Lessenberry: More questions than answers in Snyder's State of the State address
This Week in Michigan Politics, Jack Lessenberry talks with Morning Edition host Emily Fox about what will happen in Flint and politics, now that Gov. Rick Snyder has given his long-awaited State of the State address.
The Flint water crisis was the first order of business in Gov. Rick Snyder’s address last night. He apologized to the residents of Flint and then said he would release all of his e-mails related to the crisis.
He also asked the Legislature to approve $28 million for Flint, to help with the short and long-term issues with the water crisis. Does Lessenberry think all of this is going to ease the outrage we’ve been seeing on this issue?
"It certainly won’t go away," he says. "Of course, we don’t know for sure if the Legislature will approve all this, although it seems likely they will. But we don’t know how severe the effect of the brain damage to the children with lead poisoning is going to be.
"There’s the whole issue about what the governor knew and when he knew it, and why weren’t actions taken earlier," Lessenberry says. "The attorney general, who has ambitions to run for governor has launched an investigation, and people are going to be centering, I think, on the fact that the governor took no action for a long, long time. This is not going to end anytime soon."
During his speech, Gov. Snyder tried to lay out his timeline of what he knew and when, and he talked about the Department of Environmental Quality’s role in the crisis, how the DEQ kept saying the water quality was fine, despite signs and studies that it wasn’t.
The DEQ also seemed to cover up the issue by dropping two of the highest lead samples from its report, and that report eventually showed that Flint’s water was fine, when it wasn’t. Snyder says there will be new leadership in the DEQ and he will hold individuals accountable, but what do Lessenberry think that will look like?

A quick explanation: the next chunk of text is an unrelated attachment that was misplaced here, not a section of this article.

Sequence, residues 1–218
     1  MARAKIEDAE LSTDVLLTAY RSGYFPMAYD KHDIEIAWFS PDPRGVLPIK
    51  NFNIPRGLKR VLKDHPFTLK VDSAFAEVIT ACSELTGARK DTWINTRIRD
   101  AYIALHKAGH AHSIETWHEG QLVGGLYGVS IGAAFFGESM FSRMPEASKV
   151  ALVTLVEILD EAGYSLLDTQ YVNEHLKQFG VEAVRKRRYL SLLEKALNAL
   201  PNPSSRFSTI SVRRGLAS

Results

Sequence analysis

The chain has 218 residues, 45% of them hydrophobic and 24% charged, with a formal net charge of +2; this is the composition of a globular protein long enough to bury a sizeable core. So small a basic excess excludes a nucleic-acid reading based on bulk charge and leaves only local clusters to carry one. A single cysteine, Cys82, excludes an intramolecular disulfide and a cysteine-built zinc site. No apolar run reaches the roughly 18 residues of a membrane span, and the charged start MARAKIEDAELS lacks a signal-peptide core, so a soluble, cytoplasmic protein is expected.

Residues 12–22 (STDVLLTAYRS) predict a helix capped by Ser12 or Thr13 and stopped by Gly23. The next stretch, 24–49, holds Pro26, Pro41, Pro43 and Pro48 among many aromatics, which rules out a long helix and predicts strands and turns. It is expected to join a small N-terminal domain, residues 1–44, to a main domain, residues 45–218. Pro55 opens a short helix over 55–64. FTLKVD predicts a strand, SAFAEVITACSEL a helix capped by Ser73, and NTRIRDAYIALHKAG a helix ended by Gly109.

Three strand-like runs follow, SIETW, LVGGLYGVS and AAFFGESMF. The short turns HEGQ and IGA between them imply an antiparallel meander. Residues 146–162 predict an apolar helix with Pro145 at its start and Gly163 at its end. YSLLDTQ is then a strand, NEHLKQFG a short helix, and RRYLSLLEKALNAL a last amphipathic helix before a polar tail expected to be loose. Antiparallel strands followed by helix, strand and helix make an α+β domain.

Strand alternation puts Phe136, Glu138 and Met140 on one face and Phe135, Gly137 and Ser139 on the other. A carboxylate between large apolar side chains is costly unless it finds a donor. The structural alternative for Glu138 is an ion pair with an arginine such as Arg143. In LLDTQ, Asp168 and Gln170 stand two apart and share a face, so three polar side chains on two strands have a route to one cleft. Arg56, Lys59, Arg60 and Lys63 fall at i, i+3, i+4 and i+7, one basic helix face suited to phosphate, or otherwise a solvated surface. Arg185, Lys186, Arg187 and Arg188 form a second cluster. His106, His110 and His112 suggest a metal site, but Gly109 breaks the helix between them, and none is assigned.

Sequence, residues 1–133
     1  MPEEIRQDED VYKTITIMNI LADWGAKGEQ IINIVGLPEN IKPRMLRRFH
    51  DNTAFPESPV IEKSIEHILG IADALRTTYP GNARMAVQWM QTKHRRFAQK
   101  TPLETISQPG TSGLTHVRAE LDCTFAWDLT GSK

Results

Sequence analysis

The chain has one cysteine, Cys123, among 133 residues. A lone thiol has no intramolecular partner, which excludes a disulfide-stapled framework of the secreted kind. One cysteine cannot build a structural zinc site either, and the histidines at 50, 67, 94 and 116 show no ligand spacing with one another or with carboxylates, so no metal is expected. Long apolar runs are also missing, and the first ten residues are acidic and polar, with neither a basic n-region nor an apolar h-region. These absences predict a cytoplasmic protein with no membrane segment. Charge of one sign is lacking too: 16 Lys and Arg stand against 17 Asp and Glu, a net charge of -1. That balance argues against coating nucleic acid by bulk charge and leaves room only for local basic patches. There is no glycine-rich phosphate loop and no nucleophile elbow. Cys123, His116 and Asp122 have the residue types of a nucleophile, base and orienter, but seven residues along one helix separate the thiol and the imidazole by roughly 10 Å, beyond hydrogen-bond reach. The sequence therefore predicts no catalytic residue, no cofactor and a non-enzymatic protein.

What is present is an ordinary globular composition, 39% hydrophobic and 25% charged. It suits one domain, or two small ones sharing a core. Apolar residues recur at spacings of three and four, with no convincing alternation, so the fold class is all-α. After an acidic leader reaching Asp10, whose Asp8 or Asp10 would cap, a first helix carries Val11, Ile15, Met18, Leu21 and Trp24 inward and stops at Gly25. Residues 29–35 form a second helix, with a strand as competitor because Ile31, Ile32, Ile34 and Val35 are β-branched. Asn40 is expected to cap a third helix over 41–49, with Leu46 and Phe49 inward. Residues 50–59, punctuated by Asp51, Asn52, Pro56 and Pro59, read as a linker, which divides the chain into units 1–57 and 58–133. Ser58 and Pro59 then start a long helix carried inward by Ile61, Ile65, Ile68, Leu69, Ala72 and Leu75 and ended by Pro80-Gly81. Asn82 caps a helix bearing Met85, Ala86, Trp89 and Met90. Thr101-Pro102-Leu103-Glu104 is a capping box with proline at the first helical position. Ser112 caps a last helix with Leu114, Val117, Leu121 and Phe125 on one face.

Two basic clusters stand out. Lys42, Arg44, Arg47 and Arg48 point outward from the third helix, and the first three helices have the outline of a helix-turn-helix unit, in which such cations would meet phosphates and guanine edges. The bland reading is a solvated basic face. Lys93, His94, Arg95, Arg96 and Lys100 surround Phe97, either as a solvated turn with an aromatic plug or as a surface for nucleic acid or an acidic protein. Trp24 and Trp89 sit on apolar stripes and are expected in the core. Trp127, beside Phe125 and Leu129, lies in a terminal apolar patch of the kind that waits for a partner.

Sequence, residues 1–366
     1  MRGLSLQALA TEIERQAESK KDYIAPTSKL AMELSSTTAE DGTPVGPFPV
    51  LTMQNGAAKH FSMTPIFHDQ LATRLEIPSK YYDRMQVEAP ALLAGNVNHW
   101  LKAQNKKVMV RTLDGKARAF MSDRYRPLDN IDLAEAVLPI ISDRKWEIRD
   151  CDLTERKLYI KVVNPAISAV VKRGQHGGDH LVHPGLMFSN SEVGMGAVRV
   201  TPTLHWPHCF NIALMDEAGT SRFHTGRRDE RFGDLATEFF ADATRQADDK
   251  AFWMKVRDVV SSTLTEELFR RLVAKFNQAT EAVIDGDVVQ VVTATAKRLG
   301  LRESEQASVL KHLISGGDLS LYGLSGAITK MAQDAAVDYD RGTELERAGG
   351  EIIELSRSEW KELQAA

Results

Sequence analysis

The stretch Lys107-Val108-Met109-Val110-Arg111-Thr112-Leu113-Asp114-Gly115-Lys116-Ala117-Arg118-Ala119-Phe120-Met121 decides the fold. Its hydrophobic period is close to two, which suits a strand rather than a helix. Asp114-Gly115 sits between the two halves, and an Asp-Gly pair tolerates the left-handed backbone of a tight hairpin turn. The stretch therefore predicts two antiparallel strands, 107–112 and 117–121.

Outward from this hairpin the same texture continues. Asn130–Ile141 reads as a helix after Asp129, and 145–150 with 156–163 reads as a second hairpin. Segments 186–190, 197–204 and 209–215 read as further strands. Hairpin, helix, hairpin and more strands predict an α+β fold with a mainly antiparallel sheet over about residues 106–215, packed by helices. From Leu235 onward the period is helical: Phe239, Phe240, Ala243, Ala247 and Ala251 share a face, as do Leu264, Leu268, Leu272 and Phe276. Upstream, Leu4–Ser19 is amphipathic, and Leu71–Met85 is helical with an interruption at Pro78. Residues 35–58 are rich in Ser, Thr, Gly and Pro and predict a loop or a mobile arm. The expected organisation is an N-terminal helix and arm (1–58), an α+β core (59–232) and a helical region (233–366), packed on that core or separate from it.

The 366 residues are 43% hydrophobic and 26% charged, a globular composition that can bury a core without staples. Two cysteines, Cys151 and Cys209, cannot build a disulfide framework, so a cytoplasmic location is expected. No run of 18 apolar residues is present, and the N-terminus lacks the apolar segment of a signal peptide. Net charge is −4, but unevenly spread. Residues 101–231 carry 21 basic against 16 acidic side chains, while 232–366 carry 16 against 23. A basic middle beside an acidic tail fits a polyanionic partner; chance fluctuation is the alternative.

"I don’t know what that will look like," he says. "There’s an interim director there now. What we don’t know is why the governor was so lethargic to begin with.
"Indeed, there are a lot of people raising questions about the DEQ, including the federal EPA. And the governor seemed curiously deaf to all of this, and didn’t seem to ask for any answers, until it was really thrown in his face at the end of December. So is the DEQ going to have more oversight, are there going to be procedures in place, accountability and transparency? A lot of questions have yet to be answered."
There were other things that Gov. Snyder talked about in his State of the State address last night. He talked about infrastructure needing to be improved and Detroit Public Schools. Was there anything else in the address that stuck out to Lessenberry?
"He’s got a couple of additional problems," Lessenberry says. "One is that the Legislature is dominated by Tea Party interests, people who don’t really want to raise taxes for anything.
"It’s also an election year, and Republicans are petrified that this will cause them to lose control of the state House of Representatives, and they don’t know what to do about that.
"There’s a real question about how effective Gov. Snyder can be for the last three years of his term, and one top Republican strategist said yesterday that they had just handed Democrats an issue on a silver platter.
"It may sound harsh to make this about a partisan consideration, but partisan considerations are at the root of everything, but I really don’t think the Republican majority has any idea about what to do or how to do it."